Why Couples Shouldn't Do Couples Therapy (Says the Couples Therapist)

A Saturday night with the person you love can go south in a heartbeat, can’t it?

Several weeks ago, my wife and I had just finished another night of one-more-cup-of-water requests, my-legs-hurt laments, and can-I-have-another-kiss rituals, and the rustling from the kids’ bedrooms had quieted.

And a couple of open hours sprawled out before us like an oasis in the desert of living.

Until my wife began to discuss the recent seminars she’d conducted in Guatemala. She looked at me like I had heard the story before, and the truth began to slowly dawn on both of us: I had never asked about her teachings in Guatemala.

I felt a moment of sheepishness. And then I went on the attack—a mixture of defensiveness (“I watched the kids for ten days so you could do the trip!”) and offense (“It’s your fault for not telling me sooner!”).

Listen. I’m a shrink. And I still get surprised all the time by my your-not-good-enough voice of shame.

It can sink a Saturday night in just one quick beat of a shame-shadowed heart.

Marriage Enemy Number One

Our hearts are like a sponge for shame, and most of us are pretty saturated with it by the time we meet our lifelong companion. So when our partner criticizes us, or asks for change, or asks for more, or simply gets a little too close for comfort, our heart gets squeezed and we leak shame all over the place.

Except shame is a lie so it never comes out all honest and confessing. It comes out like barbed wire. Usually, we try to make our partner feel even less worthy than we feel ourselves—with verbal attacks, emotional slander, and sometimes simply with silence.

And in most marriages, shame begets shame. So, when we shame our spouses and squeeze their hearts, their shame oozes out, and they go on the attack.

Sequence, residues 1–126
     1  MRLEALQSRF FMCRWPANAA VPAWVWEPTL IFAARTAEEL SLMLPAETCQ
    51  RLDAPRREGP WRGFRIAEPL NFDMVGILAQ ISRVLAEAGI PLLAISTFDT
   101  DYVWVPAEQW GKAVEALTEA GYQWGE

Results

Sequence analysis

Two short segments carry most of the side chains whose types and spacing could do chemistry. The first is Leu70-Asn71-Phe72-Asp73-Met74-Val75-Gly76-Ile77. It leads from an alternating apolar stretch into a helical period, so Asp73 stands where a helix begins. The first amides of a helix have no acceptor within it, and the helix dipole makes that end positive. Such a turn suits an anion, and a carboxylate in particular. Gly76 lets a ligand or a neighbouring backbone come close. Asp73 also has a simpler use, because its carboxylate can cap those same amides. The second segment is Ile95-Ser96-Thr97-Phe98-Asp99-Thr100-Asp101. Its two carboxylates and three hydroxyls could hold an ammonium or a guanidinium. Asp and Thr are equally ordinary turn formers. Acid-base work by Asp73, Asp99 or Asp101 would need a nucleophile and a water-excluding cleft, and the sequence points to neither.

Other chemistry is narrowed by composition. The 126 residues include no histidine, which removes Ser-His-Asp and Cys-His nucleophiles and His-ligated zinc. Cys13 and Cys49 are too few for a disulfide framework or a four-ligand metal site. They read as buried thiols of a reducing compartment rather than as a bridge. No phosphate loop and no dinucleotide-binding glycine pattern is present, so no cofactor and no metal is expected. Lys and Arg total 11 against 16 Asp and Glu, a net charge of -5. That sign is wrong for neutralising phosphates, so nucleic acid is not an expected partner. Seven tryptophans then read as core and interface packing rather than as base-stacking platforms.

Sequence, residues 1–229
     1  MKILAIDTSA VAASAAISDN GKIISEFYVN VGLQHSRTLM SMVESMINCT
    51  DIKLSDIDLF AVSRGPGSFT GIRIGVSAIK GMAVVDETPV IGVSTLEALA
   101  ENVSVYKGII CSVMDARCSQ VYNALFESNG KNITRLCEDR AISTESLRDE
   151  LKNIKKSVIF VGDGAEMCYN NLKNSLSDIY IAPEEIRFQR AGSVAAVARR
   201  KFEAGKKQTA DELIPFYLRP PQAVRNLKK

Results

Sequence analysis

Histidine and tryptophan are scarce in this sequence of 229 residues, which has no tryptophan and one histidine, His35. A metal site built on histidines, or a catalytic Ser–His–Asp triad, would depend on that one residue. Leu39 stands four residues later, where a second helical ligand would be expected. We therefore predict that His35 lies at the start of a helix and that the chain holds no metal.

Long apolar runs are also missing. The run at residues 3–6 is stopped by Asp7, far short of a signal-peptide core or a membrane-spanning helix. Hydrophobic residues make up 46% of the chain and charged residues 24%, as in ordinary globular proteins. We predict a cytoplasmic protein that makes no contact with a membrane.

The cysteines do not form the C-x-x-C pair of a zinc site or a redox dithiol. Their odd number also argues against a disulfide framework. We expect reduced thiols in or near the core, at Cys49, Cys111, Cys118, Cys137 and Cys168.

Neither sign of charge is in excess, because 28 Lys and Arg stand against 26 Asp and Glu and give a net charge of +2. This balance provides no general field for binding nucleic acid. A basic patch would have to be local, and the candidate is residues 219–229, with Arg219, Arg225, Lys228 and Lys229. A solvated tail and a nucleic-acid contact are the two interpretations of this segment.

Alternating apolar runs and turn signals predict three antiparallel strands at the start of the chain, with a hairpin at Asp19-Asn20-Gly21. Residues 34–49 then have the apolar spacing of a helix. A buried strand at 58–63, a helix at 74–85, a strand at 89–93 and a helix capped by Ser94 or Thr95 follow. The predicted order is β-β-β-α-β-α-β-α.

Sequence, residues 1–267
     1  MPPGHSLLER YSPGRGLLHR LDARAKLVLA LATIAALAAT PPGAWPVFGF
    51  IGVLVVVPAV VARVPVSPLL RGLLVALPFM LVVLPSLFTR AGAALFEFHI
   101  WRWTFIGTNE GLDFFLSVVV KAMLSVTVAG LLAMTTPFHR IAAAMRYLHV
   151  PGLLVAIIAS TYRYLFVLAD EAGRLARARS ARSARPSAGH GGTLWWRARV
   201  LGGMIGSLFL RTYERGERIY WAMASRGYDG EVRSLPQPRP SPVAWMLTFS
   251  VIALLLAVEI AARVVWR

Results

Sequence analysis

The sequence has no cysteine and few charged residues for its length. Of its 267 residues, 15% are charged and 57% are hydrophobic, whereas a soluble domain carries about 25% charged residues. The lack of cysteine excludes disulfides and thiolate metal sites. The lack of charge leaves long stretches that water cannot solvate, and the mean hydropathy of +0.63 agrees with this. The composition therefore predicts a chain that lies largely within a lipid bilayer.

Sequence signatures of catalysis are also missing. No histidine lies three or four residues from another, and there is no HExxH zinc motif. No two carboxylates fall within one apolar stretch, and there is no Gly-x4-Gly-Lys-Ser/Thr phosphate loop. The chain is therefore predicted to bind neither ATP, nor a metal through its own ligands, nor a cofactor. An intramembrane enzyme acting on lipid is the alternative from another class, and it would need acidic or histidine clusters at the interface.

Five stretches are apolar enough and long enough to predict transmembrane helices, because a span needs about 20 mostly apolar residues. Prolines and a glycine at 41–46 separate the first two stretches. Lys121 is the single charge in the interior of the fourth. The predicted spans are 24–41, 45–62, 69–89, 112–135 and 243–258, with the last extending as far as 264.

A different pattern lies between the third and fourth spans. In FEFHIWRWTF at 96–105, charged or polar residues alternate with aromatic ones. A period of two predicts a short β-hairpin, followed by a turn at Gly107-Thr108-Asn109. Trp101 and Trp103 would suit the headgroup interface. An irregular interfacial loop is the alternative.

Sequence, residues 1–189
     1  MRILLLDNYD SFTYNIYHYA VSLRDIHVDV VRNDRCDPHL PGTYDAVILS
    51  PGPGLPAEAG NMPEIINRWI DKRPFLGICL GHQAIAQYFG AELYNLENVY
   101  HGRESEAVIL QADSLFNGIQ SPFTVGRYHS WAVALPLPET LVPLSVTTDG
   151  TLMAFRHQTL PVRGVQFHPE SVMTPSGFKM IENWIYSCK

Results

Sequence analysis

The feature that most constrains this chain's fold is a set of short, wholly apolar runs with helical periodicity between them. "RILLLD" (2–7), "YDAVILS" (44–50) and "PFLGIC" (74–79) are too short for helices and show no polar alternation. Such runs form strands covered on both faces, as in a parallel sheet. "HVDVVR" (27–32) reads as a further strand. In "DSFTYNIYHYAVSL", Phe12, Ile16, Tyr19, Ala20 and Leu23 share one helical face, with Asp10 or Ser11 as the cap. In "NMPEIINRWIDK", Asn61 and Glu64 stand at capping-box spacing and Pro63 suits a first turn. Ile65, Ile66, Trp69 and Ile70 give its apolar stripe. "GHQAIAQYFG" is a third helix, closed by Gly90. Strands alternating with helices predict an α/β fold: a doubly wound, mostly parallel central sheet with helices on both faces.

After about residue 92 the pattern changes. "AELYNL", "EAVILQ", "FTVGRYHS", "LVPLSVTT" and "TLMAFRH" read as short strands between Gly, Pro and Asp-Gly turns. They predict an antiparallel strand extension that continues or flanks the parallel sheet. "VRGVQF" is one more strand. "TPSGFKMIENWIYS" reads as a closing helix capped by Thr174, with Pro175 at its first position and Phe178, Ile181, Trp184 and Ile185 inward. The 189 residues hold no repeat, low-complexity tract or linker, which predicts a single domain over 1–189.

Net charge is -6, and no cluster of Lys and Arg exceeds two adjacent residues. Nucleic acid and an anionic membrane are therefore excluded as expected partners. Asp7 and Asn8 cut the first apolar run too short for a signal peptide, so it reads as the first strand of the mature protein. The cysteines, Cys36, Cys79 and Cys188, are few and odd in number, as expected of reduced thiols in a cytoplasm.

Usually, when the friendly fire is over, it’s impossible to tell who really fired the first shot. We assume our spouse is at fault and we completely ignore marriage enemy number one: shame.

Why Sometimes Marital Therapy Isn’t the Answer

For many couples, the cycle of shame-escalation in the relationship is so intense the marital therapy hour looks like a weekly battlefield reenactment. The script is written and the players have little interest in changing their own lines. Oftentimes, both spouses are secretly looking for an audience who will cast the deciding vote in their favor.

So, the viability of any couples therapy is dependent upon each spouse’s answer to two questions: are you willing to focus on yourself and face your shame? And are you prepared to do so for an hour a week in the presence of your partner?

If the answer to either question is “no,” the couple should not be in marital therapy. Instead, each spouse should be attending individual therapy. But partners resist individual therapy for at least two reasons. First, the mere suggestion of individual therapy feels like more shame—more you’re-not-good-enough.

Second, the individual therapy room can feel like a prison cell—no distractions, no one to blame, no place to direct the shame spilling out of our hearts. Which is why many people go to individual therapy and use the hour to complain about a spouse.

It is far more painful to look in the mirror.

Fighting for Your Saturday Night